“If the person you are talking to doesn’t appear to be listening, be patient. It may simply be that he has a small piece of fluff in his ear.” (Winnie the Pooh / A.A. Milne)
To discuss: What roles to listening and patience play in your close relationships? How might you cultivate patience and learn to listen more deeply?
To do: Practice quieting the chatter in your own mind, limiting distractions, and deeply listening to each person you encounter today.
Source: Conversation Cards by the Fetzer Institute,
Found by my dad while he was sorting donations as a public library volunteer
This post is the second in a series on realizing the giftedness of one’s parents. You may also enjoy the first post, Dad, Supernova.
After my dad died, I tried a few times to get a hold of my college friend Megan, who now lives in Chicago. She knew my dad well and liked him a lot. I finally reached her with the news a couple days before the funeral; the next day, I got a follow-up call from her.
“I’m coming to the funeral. I just passed Jackson!” She drove four of the five hours from Chicago to Detroit before even telling me, because she didn’t want me to protest that she shouldn’t come all that way.
So after the funeral, Megan, Max, and I were sitting around talking at my parents’ house. Talking, that is, until they noticed that I had zoned out. And while you might forgive me for being distracted right after my dad’s funeral, Megan and Max knew that my tendency to get lost in my own thoughts predated the brain fog of sudden bereavement. Megan laughed as she told Max about how, whenever our group of friends played board games in the dorm, the others had to remind me that it was my turn so often that it became a running joke.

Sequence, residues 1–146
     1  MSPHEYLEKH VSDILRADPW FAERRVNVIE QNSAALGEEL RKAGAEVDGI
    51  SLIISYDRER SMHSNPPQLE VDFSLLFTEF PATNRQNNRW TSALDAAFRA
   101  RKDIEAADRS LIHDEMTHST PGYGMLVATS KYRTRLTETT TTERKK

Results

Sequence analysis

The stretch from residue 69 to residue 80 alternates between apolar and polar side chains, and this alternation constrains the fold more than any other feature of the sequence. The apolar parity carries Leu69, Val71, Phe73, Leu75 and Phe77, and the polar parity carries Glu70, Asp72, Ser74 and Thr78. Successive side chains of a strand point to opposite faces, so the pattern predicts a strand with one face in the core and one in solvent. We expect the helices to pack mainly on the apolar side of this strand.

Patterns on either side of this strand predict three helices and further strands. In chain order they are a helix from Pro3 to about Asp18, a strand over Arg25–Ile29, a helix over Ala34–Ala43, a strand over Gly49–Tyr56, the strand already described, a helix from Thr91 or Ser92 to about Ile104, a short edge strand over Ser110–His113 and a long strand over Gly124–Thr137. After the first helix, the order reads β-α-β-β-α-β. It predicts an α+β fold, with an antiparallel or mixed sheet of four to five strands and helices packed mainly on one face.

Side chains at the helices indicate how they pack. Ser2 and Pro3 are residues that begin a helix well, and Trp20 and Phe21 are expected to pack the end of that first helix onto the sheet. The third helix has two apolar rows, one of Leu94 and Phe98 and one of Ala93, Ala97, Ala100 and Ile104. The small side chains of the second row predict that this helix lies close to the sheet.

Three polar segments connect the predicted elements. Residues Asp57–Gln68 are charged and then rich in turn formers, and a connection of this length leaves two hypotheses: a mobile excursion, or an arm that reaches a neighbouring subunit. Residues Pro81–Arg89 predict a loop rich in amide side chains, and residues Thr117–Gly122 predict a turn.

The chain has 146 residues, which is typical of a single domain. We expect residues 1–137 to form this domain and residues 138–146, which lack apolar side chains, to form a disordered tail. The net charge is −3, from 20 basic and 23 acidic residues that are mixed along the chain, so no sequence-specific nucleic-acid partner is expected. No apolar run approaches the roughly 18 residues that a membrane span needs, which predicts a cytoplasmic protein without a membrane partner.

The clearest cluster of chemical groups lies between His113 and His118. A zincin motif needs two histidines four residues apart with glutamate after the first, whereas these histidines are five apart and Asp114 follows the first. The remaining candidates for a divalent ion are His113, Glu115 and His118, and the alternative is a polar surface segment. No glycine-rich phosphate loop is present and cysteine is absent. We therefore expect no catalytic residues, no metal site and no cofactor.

Max noted that in this respect, the apple didn’t fall very fall from the tree.
Usually, if Dad answered when I called my parents’ house, he would talk just a bit and then ask if I wanted to talk to Mom.
It made me wonder: was he offering to go get Mom when I called because he didn’t feel like talking? Or because he assumed that I didn’t want to talk to him? “You always tell your mom things on the phone,” he would say periodically. It was a neutral observation, perhaps implying that he knew he wasn’t very good at listening to his daughters, or that it was just a fact of life that girls talk to their moms more than their dads, and no one was to be blamed for it.
Admittedly, Mom is an excellent listener. I was always close to my mom growing up, perhaps in part because she let me go on and on at length and never made me feel like I was doing so. Meanwhile, it wasn’t that Dad didn’t care; it seemed more like he just didn’t know what to say after a certain point. So he would offer to go get Mom, and then Mom would fill him in on the conversation later.
Then, sometime in 2015, Dad updated his policy. “I’m going to try to call more,” he told me one day, cheerfully, “so I don’t always have to ask your mom how you’re doing.”
One of the problems common to that group we’ve dubbed gifted is that they are prone to deep and uncommon interests. And even when they are among others with similarly wired brains, those deep interests are still not likely to overlap. A group of such friends may include one person who wants to go on about Chinese classical architecture (and the travesty of modern Beijing, where much was destroyed in the Cultural Revolution), another about various European royal families (let me tell you about this riveting biography I just read of Lady Jane Grey!), another about loop quantum gravity (and why string theory is a waste of time)—well, you can see how this wouldn’t wholly address the issue.